Ex-NAACP prez Mondesire in hot water again
Former fellow board members of his nonprofit want him held in contempt of court for eluding a judge's order.
ATTORNEYS for former NAACP chapter president J. Whyatt Mondesire are keeping mum on allegations that he is defying a court order and ought to be held in contempt of court.
In a court filing late last week, Mondesire's former fellow board members claim that he hasn't complied with a judge's order to hand over all pertinent financial documents relating to his now-defunct nonprofit, Next Generation Community Development Corp.
Plaintiffs in the civil case against Mondesire include local businessman Sid Booker, the Rev. Elijah Morris and community leader Donald "Ducky" Birts. They have filed a contempt-of-court petition against Mondesire, claiming he ignored a judge's order six months ago to hand over a complete inventory of his bank records and financial documents related to Next Generation.
On Dec. 3, Philadelphia Common Pleas Judge Gary Glazer gave Mondesire 10 days to fulfill that decree, after he allegedly submitted insufficient or incomplete documents over the summer and fall. According to Gerard Egan, who represents the three board members, the clock has run out and contempt of court is in order.
"He's a crook," Egan said. "That's the simple explanation for it."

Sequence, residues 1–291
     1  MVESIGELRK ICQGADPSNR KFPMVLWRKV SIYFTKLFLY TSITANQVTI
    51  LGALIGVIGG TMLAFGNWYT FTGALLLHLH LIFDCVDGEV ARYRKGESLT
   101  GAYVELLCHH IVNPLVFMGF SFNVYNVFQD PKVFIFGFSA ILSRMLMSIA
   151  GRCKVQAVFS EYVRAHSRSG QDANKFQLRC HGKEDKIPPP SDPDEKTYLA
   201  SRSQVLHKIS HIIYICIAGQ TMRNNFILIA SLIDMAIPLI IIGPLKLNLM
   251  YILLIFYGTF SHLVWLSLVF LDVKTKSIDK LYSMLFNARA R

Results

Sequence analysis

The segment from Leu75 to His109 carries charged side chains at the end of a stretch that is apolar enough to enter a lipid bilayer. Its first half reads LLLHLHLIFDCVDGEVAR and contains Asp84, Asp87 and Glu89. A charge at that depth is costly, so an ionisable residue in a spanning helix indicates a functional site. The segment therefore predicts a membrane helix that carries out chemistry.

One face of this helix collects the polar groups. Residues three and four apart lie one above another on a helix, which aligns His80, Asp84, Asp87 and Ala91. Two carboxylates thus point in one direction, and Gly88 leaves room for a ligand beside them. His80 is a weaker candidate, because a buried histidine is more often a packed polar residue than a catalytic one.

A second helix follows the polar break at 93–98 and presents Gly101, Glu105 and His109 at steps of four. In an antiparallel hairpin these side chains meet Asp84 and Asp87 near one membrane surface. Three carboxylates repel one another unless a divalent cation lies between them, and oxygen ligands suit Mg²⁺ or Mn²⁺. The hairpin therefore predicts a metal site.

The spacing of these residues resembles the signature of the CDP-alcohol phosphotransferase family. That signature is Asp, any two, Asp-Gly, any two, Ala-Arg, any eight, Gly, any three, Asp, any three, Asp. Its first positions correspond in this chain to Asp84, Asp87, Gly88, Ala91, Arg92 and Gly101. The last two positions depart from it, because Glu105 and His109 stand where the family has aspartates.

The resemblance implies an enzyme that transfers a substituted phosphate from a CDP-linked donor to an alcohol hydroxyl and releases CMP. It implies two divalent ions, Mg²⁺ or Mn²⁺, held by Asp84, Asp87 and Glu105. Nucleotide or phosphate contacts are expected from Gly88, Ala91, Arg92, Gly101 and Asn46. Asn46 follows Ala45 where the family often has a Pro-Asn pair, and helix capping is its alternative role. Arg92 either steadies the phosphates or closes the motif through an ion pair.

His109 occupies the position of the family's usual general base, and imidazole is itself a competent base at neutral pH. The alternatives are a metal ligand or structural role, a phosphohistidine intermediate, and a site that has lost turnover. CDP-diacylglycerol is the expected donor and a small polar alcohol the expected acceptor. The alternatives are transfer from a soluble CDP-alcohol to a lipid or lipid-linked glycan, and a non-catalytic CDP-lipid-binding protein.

Egan referred to Philadelphia County real-estate records that show that Mondesire transferred a property given to Next Generation by the Philadelphia Redevelopment Authority to his for-profit business for only $1. Egan said that the real-estate records list the fair-market value of the property at $77,100, and that this was a move to squander the assets of Next Generation just two weeks after the court order.
"Taxpayers paid for this property to go into his nonprofit, and now, two weeks after he's ordered to disclose the financial records, he sells it for $1 to one of his for-profit companies," Egan said.
"We say in our petition for contempt that that's theft and he's a crook."
Reached by phone yesterday, Judge Glazer declined to comment on any ruling, citing matters that can only be discussed in open court. Defense lawyer Ryan Paddick, who represented Mondesire during the hearing earlier this month, did not returns calls seeking comment.